who are handcrafting ceramic bowls. In June, the bowls will be used to
raise money for Los Angeles area residents who don't have money to buy
The students will sell ice cream sundaes in their bowls to fellow
students and faculty and all proceeds will go toward Empty Bowls, a
worldwide project that supports food banks, soup kitchens and other
organizations that deal with hunger.
Empty Bowls is promoted by the Imagine/RENDER Group, a nonprofit
organization based in Oxford, Mich.
"The empty bowl symbolizes hunger and, hopefully, what we are doing
will make people help more often," Asia said. "Hopefully we'll have a
little epidemic here in Glendale and everyone will get involved in
Christine Rose, the ceramics teacher at Glendale High, said students
will, in the next nine days, make 350 bowls to be sold the first week of
June for $5 each. Their goal is to raise about $1,000.
"People can then take the bowls home and keep as a reminder of hunger
in the world," Rose said. "And I just thought this year in particular we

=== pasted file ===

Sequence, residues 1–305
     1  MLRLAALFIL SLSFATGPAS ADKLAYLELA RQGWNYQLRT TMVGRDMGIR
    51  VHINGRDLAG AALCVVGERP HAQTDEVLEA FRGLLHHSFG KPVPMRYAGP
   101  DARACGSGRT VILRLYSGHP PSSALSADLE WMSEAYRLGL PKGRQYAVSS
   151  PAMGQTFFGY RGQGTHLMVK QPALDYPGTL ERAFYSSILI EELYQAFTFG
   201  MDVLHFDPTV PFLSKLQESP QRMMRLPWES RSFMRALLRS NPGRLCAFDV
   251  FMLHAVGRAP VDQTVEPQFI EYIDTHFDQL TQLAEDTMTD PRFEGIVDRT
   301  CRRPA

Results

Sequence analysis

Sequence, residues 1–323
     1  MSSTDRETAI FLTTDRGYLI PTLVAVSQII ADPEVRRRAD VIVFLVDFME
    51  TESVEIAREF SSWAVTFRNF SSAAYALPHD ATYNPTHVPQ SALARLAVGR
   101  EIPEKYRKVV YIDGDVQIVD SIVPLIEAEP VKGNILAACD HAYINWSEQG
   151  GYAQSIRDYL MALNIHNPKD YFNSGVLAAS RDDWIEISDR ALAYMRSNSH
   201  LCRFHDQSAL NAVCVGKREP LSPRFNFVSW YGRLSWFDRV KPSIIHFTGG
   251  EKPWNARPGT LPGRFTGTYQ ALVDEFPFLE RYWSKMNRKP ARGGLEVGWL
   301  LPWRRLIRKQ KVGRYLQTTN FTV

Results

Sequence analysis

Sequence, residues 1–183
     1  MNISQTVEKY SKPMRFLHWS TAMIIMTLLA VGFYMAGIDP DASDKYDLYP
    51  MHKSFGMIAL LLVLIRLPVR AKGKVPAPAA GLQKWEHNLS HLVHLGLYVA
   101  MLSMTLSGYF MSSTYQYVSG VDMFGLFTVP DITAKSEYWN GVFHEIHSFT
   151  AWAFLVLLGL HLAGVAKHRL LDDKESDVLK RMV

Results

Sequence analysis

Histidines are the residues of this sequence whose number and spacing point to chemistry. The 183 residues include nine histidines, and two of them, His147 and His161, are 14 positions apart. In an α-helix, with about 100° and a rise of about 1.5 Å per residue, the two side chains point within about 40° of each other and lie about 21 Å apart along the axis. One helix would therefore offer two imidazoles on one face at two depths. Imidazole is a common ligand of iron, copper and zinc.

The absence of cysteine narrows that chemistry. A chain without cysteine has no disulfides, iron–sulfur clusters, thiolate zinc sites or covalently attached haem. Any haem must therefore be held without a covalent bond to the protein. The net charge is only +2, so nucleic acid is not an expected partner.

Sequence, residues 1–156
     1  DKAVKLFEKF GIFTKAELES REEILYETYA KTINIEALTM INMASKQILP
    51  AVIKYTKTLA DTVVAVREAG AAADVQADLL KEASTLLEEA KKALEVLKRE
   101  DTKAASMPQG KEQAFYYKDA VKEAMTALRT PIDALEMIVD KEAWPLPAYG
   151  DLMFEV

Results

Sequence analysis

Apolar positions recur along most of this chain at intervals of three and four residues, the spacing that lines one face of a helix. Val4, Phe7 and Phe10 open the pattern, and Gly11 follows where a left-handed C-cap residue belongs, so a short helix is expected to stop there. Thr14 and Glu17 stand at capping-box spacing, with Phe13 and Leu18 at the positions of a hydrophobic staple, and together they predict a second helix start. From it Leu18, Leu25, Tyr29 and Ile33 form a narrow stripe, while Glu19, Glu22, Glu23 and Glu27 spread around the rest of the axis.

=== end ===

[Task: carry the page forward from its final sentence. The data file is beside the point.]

needed to be aware of people in need."
Students start the process of making a bowl with water, clay and a
potter's wheel. They center the clay and begin opening it up into a donut
shape before manipulating the clay into the shape they want. After
trimming with a ribbon tool or paring knife, bowls are put in an electric
kiln at 1,800 degrees and finally into a gas kiln at 2,300 degrees.
In addition to teaching basic pottery techniques, Rose also discussed
California hunger statistics with her students before starting the
According to the Center on Hunger and Poverty at Brandeis University,
California was ranked in 1999 as the 11th worst state for hunger. Nearly
3 million children in California are eligible to receive free or reduced
priced lunch meals.